Captain Morgan Spiced Rum Sauce w/ Old English Bread Pudding

I don’t know if you recall, but I mentioned that on Fridays the local Stop and Shop sells its Italian bread for 99 cents a loaf. Well as I mentioned before, I usually pick up two loaves, one to use with soup or pasta which I like to make on Fridays, and the other to save for Sunday, letting it dry out a bit. Some times I slice it up for making stuffed French toasts, and sometimes I use it for making bread pudding. So, I figured this Sunday I’ll make the bread pudding as I was able to stop by Trader Joes and found dried apples and cranberries at a nice price. So, lets whip up a rum sauce with this also, since the memory of Christmas is fresh and rum sauce makes a nice winter treat.

Here’s what you’ll need:

 Bread Pudding –

  • One dried Italian loaf cute into cubes (about 6 cups)
  • 1 ¼ cup of milk
  • 1 large egg beaten
  • 1/3 cup of butter softened
  • ½ cup of diced dried apples ( or other dried fruit)
  • ½ cup of dried cranberries ( or raisins)
  • ½ cup brown sugar
  • 3 tbsp Captain Morgan Spiced Rum
  • 1 Tbsp nutmeg
  • 1 Tbsp cinnamon

Rum Sauce –

  • 5 tbsp Captain Morgan Spiced Rum
  • 2 oz butter
  • 2 oz flour
  • 2 oz sugar
  • 1 pint of whole milk

Bread Pudding:

Preheat oven to 375 degrees F (190 degrees C).

In a large bowl, combine bread and milk, and set aside to soak for 5 minutes. Then stir in egg, butter, fruit, brown sugar, rum, nutmeg, and cinnamon. Combine well, and then press the mixture into a 9-inch square baking pan.

Bake in preheated oven until golden and firm to touch, about 35 minutes. Leave in baking pan to cool.

 

Rum Sauce:

Melt the butter in a saucepan over a medium heat, add the flour and stir to create a thick paste. Cook for a minute taking care not to burn. Using a hand whisk, slowly add the milk, stirring vigorously. Continue whisking until thick smooth sauce is formed it should take about 5 minutes or so. Do not have the heat too high or the base of the sauce may burn. Then add the sugar and whisk until dissolved. Lower the heat and cook for 5 minutes stirring from time to time. Then stir in the rum.

Serve the bread pudding with the warm sauce over it to enjoy a winter dessert.

bread pudding 5

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Apple and Celery Root Slaw

Picnics are a perfect time to perfect those chilled salads and slaws that remind us that it’s too warm for hot food. So, with picnics in mind I put together two great tastes that should go well together and blended them with a variation of the creamy coleslaw dressing I like to whip up. So lets try the Apple and Celery Root slaw.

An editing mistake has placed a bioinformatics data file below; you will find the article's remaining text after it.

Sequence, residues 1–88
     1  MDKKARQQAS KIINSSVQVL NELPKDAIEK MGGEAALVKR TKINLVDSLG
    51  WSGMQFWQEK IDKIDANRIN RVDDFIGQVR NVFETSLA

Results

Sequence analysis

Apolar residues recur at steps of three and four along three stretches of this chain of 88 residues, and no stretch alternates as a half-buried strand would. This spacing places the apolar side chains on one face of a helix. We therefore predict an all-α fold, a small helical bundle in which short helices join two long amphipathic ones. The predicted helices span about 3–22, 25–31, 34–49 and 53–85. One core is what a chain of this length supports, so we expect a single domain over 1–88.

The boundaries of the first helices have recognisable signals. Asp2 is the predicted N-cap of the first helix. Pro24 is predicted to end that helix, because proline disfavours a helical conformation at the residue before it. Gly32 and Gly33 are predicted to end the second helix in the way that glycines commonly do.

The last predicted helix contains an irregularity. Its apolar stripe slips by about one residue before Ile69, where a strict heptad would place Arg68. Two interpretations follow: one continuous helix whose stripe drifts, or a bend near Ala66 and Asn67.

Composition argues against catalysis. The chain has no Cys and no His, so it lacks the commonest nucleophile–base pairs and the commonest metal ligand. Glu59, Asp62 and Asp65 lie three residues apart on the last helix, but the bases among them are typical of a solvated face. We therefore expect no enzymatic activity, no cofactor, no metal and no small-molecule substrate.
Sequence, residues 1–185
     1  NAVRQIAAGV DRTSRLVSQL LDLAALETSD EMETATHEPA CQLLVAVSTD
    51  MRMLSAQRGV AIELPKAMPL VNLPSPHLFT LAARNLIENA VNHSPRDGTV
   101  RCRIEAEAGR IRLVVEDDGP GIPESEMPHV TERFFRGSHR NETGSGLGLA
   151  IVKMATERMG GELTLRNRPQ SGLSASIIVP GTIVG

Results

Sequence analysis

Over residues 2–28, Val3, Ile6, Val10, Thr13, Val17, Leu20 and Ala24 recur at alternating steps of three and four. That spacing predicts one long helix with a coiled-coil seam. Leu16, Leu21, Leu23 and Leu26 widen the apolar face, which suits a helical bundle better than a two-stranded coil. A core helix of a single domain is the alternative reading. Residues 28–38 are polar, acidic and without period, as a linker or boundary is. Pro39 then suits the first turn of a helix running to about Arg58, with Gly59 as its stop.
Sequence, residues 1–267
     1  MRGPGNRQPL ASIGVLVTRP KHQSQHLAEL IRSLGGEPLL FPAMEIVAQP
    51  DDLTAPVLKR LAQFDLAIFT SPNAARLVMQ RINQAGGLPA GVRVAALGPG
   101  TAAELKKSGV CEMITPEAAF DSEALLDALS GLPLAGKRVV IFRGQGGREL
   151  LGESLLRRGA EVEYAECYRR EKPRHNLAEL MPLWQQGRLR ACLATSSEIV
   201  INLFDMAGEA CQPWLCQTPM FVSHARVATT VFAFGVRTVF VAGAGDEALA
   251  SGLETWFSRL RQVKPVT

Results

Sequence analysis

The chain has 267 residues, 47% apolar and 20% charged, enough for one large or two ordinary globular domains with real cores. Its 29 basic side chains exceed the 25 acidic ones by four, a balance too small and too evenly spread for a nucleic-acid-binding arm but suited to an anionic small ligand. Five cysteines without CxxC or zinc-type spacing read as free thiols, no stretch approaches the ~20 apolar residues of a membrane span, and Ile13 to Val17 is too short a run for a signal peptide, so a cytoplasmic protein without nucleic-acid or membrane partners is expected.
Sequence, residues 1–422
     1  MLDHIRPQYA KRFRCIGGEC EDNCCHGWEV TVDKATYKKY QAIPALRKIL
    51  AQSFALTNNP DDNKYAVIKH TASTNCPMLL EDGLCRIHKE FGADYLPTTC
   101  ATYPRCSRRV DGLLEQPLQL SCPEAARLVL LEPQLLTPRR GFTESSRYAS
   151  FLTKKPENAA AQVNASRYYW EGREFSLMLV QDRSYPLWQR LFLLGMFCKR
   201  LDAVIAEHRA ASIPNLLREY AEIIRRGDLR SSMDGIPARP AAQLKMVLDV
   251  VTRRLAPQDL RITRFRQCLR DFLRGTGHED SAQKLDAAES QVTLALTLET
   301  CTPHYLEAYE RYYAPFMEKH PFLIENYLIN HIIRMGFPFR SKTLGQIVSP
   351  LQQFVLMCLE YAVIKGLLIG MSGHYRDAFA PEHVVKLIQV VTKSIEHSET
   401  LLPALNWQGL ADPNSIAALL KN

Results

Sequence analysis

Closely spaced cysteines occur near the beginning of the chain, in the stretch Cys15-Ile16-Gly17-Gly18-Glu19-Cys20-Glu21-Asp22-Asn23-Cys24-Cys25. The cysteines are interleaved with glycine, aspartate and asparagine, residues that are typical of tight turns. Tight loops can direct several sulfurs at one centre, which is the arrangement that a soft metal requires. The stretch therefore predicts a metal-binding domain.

Here’s what you’ll need:

  • 1/2 cups mayonnaise
  • 2 teaspoons chopped tarragon
  • 1 teaspoon lemon zest
  • 1/2 teaspoons sea salt
  • 2 tablespoons freshly grated horseradish
  • 2 tablespoons lemon juice
  • 2 bulbs (about 1 pound) celery root , peeled and cut into small matchsticks
  • 2  sweet apples (I use Macintosh) apples, cored and cut into small matchsticks
  • 1 large egg, hardboiled and finely chopped

Combine the mayonnaise, tarragon, lemon zest, salt, and horseradish in a medium bowl. Toss the lemon juice, celery root, and apples together in a large bowl and stir in the mayonnaise mixture and egg. Let sit at least 45 minutes before serving.

Bunratty Cranberry Apple Sauce

Since the red cabbage was such a hit… I have another side dish here that goes nicely with pork. It’s a cranberry applesauce made with mead. It’s a ferments wine with honey not grape as its base. Mead was enjoyed by the Four Kings of Ireland in the middle ages after having been introduced by monks. If you can’t enjoy alcohol delivered by monks, well…

There must be something sacrilegious about you.

Here’s what you’ll need:

  • 4 Granny Smith apples
  • 4 oz cranberries
  • ½ cup Bunratty Mead
  • ½ cup sugar
  • ¼ cup water

Peel, core, chop the apples and toss in a pot with cranberries, mead, and water. Cook this till the apples are soft and the cranberries have popped. Add the sugar and grab the old fashioned potato masher. Now, some people would have you take this mixture and put it in a blender, or food processor, but I think that this apple sauce works best if you mash it by hand so that the final sauce is not overly processed. It should be more farm house, not warehouse.

This makes a nice side to roast pork… or did I mention that before… I don’t recall, must be this nice mug of warm mead. Did I mention that mead is best served warm? Oh well, that’s another recipe…